It’s important to note that while plants grown with less light may appear taller, they may also have weaker and thinner stems compared to plants grown with optimal light conditions. This may make the plant less healthy.

Experiment # 2   The Importance of Light in Photosynthesis

This experiment helps students understand what happens to leaves when they do not receive enough light.

You will need:

  1. Dark-colored paper, or foil
  2. Paper clips
  3. Scissors
  4. A small outside plant or an indoor plant that can be placed in a sunny location


-Choose a small, healthy plant for this experiment.

– Write down a hypothesis of what you think will happen during this experiment. Take a photo, if possible, of the leaves that you will cover.

-Cut a piece of paper or foil into small pieces to cover 5 of the plants leaves. Note that the leaves covered should be ‘expendable’.

– Secure the pieces of paper or foil to several leaves.

– Be sure the plant is in a sunny or very bright spot.

– Each day uncover one of the leaves and examine the leaf. Make notes or take a photo of each one as you uncover it.

Are the leaves changing? What do you think is happening

More Information:

The covering blocked all of the light from the leaf. Without light, the leaf can not participate in photosynthesis and begins to die. Removing the covering allows the leaf to restart its photosynthesis ‘factory’. If left too long, however, the leaf begins to yellow and then dies so that the plant can put its energy into healthier leaves.

Experiment #3   Corn Microgreens and photosynthesis


  1. 1 cup popcorn seeds, divided
  2. 4 Coco soil discs, rehydrated
  3. Jar or bowl to soak seeds
  4. 4 grow trays with water trays
  5. 4 cover trays
  6. Sticky notes or masking tape to label trays
  7. Age-specific Science journal page (download and print from educational resource page)
  8. Ruler to measure growth


Step 1.

Soak only ½ cup of the popcorn seeds in a bowl or jar of cool water. The other ½ cup of seeds will not be soaked before use. The soaking seeds should be completely covered, with two inches of water above the seeds. Soak the seeds for at least 4 hours, or overnight. Drain the seeds after soaking, and rinse for 30 seconds with cool, running water.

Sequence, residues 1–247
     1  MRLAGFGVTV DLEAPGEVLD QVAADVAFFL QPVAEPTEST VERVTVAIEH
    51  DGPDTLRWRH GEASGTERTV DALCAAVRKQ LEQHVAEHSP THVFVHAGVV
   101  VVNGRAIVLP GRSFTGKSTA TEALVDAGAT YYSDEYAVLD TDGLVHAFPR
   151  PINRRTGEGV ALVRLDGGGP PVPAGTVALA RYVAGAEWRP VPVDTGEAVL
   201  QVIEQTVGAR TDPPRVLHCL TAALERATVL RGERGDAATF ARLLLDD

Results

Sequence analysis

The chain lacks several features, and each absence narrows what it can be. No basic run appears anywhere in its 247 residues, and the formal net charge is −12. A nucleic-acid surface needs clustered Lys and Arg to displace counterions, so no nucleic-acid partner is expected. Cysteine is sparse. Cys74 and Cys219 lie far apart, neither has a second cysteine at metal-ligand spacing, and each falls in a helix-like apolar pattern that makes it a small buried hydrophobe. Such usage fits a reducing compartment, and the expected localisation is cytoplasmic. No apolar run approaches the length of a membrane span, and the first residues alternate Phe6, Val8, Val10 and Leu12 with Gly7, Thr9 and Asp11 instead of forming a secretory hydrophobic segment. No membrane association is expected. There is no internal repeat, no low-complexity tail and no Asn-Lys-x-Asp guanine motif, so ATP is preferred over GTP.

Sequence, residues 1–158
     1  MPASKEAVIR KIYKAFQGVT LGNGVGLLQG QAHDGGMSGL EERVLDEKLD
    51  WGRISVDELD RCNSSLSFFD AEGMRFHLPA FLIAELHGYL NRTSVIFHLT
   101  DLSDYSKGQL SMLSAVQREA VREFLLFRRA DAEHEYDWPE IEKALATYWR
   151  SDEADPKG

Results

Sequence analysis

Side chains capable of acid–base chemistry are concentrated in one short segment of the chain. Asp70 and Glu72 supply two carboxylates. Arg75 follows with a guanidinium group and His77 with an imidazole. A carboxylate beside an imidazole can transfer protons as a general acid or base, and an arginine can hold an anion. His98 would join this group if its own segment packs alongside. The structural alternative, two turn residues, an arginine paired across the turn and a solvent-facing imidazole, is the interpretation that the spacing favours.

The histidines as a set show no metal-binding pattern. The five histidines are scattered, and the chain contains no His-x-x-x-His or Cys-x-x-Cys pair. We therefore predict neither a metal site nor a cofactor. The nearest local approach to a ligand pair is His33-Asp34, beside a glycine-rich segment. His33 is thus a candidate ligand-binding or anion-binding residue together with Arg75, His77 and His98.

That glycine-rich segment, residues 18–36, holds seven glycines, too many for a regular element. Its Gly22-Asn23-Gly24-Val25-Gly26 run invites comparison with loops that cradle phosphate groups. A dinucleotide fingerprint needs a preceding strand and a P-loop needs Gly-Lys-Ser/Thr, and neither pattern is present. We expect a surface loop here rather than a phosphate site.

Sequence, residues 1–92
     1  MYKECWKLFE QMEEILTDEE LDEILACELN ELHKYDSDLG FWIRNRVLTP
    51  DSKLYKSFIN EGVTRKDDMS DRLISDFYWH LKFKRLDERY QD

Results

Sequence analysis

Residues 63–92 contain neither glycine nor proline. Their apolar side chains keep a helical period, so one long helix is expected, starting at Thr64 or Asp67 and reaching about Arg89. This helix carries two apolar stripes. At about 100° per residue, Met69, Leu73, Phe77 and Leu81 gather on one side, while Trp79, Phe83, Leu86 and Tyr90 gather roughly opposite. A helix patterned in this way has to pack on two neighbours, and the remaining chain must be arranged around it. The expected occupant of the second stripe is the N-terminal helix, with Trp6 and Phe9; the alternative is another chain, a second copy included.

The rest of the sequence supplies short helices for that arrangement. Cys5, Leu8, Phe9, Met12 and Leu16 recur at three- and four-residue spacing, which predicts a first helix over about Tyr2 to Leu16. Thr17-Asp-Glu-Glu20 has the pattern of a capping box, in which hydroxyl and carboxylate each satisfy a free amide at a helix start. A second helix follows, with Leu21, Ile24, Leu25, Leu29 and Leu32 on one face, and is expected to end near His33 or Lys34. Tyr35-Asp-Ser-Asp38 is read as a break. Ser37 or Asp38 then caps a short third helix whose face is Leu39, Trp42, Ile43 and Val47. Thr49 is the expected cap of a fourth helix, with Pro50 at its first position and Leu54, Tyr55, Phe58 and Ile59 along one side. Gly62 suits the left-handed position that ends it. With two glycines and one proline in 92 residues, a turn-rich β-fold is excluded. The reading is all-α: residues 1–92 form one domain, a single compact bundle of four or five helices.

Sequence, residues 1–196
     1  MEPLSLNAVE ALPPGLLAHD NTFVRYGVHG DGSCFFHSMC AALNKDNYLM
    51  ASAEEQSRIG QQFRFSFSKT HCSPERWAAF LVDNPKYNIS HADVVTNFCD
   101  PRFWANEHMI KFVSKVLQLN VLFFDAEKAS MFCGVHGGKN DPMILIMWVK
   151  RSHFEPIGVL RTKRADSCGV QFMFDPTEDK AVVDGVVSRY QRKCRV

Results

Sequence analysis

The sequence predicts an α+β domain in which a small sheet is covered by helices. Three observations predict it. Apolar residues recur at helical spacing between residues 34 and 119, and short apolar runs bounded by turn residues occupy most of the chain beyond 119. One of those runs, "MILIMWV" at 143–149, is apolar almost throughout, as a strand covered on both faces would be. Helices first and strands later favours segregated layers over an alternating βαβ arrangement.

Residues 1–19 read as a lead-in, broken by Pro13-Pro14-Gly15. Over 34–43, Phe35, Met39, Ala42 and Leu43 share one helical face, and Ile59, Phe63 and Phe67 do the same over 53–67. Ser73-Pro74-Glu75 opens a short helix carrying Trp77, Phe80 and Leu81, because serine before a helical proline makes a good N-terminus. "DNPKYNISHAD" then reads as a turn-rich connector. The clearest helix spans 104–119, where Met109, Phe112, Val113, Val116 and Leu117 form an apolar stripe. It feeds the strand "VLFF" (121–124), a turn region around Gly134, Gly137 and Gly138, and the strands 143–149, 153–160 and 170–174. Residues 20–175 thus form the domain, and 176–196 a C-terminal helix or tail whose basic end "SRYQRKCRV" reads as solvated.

Step 2.

Place each grow tray on top of a water tray. Dump one rehydrated cocoa soil disc in each grow tray.

Step 3.

Place ½ of the soaked seeds in each of two trays. Put ½ of the unsoaked seeds in each of the last two trays. Label each tray “soaked” or “Not Soaked”

LESSON INCOMPLETE- to be completed in Feb/2024

Next Generation Science:

NGSS 5-LS1-1. support an argument that plants get the materials they need for growth chiefly from air and water (grow seeds hydroponically in a baggie to show that it is not the soil that promotes growth)

NGSS 5-PS1-4: ‘Conduct an investigation to determine whether the mixing of two or more substances results in new substances.’ photosynthesis is a chemical change.

NGSS 5-PS3-1, describe how energy for animals’ food originally came from the Sun.” Knowledge of photosynthesis helps students understand food chains.”

NGSS LS1.C: Organization for Matter and Energy Flow in Organisms The process of photosynthesis converts light energy to stored chemical energy by converting carbon dioxide plus water into sugars plus released oxygen.

Follow Up:

  • Potential energy- the chemical energy stored in plants.
  • Explore producers, consumers, and decomposers. Explain how the energy flows from the Sun to plants to animals, and entire ecosystems.
  • Learn more about plant structures. Do all functions of a plant directly support photosynthesis?
  • *Besides breathing, human activities also lead to carbon dioxide emissions. Research how carbon dioxide is produced around the world, and consider the connection between plants and forests, and carbon dioxide.

Additional resources:,is%20making%20seawater%20more%20acidic. (visual for where C02 goes)

Understanding how plants use sunlight-,excess%20can%20damage%20critical%20proteins  (older students- 14+)